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#1Francesco FarinaH-Index: 8
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A real-effort experiment is conducted in order to detect preferences for one out of three different models of the Welfare State characterized by different tax-and-transfer schemes. We reproduce a small society in the lab where: Subjects are grouped in three stylized classes (the rich, the middle class and the poor) on the basis of their performance in a real-effort activity; income and risk are assigned according to the class; tax revenue is spent to refund unlucky people and to provide a public...
In a laboratory experiment on tax compliance, we model a situation in which high-income taxpayers can leave a tax system that finances a public good. We compare low-income taxpayers’ compliance decisions and equity perceptions across treatments in which they are informed or not informed about the mobility option of high-income taxpayers. This allows us to test if low-income taxpayers regard the mobility option as a rationale for implementing a regressive tax schedule. To investigate if a potenti...
A stylized fact from laboratory experiments is that there is much heterogeneity in human behavior. We present and demonstrate a computationally practical non-parametric Bayesian method for characterizing this heterogeneity. In addition, we define the concept of behaviorally distinguishable parameter vectors, and use the Bayesian posterior to say what proportion of the population lies in meaningful regions. These methods are then demonstrated using laboratory data on lottery choices and the rank-...
A game-theoretic model of repeated interaction between two potential adversaries is analyzed to illustrate how conflict could possibly arise from rational decision-makers endogenously processing information, without any exogenous changes to the fundamentals of the environment. This occurs as a result of a convergence of beliefs about the true state of the world by the two players. During each period, each adversary must decide to either stage an attack or not. Conflict ensues if either player ch...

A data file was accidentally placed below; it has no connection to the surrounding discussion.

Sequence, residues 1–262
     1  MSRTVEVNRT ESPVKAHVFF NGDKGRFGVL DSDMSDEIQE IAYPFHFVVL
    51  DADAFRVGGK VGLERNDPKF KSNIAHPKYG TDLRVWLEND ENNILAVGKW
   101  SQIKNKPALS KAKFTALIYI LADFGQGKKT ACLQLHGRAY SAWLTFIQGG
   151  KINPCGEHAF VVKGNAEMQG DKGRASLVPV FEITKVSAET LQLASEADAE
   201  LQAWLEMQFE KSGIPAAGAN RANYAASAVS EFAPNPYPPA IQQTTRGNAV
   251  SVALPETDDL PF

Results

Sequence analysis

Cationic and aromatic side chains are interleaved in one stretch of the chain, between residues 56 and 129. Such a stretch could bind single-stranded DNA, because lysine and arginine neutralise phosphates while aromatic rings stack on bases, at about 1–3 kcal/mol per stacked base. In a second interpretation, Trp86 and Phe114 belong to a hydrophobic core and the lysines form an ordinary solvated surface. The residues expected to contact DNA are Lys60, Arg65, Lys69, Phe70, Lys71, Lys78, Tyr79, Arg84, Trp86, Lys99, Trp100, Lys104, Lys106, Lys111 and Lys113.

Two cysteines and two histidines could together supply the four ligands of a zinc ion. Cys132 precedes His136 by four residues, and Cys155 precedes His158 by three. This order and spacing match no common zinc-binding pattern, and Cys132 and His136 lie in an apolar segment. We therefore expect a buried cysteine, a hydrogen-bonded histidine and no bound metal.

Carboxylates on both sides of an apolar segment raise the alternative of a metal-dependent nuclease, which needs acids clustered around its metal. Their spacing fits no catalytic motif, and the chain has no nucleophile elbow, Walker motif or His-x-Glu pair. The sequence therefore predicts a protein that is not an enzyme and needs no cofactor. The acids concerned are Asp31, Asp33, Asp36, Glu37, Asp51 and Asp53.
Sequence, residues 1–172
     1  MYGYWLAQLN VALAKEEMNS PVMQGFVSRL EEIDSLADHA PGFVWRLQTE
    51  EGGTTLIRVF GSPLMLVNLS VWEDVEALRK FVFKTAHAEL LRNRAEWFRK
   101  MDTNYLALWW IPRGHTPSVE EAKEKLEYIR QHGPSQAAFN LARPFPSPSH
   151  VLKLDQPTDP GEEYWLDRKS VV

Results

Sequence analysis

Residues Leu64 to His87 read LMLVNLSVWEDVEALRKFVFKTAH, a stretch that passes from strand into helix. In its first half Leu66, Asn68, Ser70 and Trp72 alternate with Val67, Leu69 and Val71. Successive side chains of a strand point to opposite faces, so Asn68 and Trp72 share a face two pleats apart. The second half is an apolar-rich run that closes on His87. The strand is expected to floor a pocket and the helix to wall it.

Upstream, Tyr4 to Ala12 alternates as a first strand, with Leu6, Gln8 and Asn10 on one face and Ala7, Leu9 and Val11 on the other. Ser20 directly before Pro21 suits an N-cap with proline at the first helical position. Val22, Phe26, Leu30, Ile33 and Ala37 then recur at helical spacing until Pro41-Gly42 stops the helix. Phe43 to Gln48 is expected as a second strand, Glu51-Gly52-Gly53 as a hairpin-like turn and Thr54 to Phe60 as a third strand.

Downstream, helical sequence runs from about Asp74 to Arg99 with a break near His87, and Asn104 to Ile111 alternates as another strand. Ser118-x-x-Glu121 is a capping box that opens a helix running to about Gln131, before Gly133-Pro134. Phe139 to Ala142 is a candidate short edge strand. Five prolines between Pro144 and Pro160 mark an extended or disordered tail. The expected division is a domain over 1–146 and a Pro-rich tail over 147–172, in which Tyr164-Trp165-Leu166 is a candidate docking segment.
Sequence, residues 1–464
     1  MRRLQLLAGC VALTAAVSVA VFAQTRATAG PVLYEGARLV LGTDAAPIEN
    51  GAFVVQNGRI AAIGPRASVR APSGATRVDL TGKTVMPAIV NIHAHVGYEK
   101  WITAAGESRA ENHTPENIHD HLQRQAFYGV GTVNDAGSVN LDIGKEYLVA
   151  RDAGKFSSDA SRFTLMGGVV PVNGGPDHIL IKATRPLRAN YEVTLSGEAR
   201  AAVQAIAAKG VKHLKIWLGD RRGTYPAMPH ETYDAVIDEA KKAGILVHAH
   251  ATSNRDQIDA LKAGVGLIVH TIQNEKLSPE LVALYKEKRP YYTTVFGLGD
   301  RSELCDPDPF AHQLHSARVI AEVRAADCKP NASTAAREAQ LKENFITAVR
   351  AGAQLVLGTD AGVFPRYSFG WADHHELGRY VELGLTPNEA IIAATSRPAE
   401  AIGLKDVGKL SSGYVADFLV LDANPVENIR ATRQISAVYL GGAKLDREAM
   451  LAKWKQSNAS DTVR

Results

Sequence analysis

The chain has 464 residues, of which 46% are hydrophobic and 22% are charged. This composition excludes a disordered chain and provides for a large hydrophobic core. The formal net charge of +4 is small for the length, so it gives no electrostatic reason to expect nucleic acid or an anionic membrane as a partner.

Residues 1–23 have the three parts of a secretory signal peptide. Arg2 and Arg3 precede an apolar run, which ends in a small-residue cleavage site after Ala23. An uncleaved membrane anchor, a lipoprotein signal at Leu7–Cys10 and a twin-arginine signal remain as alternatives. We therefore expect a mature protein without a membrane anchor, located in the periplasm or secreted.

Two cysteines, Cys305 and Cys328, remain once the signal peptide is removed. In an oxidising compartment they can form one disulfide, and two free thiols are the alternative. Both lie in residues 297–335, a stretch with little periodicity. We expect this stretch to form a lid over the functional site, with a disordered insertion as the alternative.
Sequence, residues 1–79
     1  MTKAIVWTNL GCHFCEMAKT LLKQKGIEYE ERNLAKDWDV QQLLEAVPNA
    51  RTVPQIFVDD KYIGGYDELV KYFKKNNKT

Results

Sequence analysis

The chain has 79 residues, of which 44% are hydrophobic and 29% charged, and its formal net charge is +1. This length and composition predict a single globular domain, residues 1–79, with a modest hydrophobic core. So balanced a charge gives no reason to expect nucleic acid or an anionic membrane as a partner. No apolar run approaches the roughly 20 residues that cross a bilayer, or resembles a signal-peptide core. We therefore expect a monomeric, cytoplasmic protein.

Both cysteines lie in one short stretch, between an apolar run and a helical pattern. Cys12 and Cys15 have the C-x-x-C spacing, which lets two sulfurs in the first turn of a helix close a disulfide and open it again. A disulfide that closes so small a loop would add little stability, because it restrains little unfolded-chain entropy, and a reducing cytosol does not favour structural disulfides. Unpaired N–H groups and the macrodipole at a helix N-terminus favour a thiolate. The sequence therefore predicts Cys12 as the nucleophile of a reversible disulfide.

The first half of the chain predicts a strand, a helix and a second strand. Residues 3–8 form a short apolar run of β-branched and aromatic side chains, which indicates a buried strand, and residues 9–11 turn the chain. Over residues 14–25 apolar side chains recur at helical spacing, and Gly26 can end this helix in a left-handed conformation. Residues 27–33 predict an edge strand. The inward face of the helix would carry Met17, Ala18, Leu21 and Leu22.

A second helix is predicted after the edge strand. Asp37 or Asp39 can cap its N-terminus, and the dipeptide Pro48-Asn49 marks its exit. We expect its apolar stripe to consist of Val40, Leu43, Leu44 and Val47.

In this paper, lab experiments on tax compliance were theoretically investigated with dynamic and stochastic methods. It is well known from experimental games that learning allows a better understanding of participants’ behavior. However, it has not been explicitly applied so far in the theoretical analysis of tax compliance experiments. In this paper, it was shown that two decision-making processes may be distinguished: a discrete process in which all options are regarded and an all-or-nothing ...
This paper presents four incentivised experiments analysing jointly the separate role of immediate integral emotions and knowledge in individual decision making under ambiguity. Reactions to a natural source of uncertainty (i.e., forthcoming real-world election results) were measured using both computed decision weights derived from individual choices and judgmental probabilities determined from the subjects’ estimated likelihood of election outcomes. This study used self-reports to measure emot...
One of the most widely accepted explanations for why wars occur despite its Pareto-suboptimality is mutual optimism: if both sides expect to gain a lot by fighting, war becomes inevitable. The literature on mutual optimism typically assumes mutually optimistic beliefs and shows that, under such an assumption, war may occur despite its Pareto-suboptimality. In a war–peace model, we show that, if players neglect the correlation between other players’ actions and their types—a well-established conc...
Cooperation is a fundamental aspect of well-organized societies and public good games are a useful metaphor for modeling cooperative behavior in the presence of strong incentives to free ride. Usually, social agents interact to play a public good game through network structures. Here, we use social network structures and computational agent rules inspired by recent experimental work in order to develop models of agent behavior playing public goods games. The results of our numerical simulations ...
I introduce axiomatically infinite sequential games that extend Kuhn’s classical framework. Infinite games allow for (a) imperfect information, (b) an infinite horizon, and (c) infinite action sets. A generalized backward induction (GBI) procedure is defined for all such games over the roots of subgames. A strategy profile that survives backward pruning is called a backward induction solution (BIS). The main result of this paper finds that, similar to finite games of perfect information, the set...
We propose a dual selves model to integrate affective responses and belief-dependent emotions into game theory. We apply our model to team production and model a worker as being composed of a rational self, who chooses effort, and an emotional self, who expresses esteem. Similar to psychological game theory, utilities depend on beliefs, but only indirectly. More concretely, emotions affect utilities, and the expression of emotions depends on updated beliefs. Modeling affective responses as actio...
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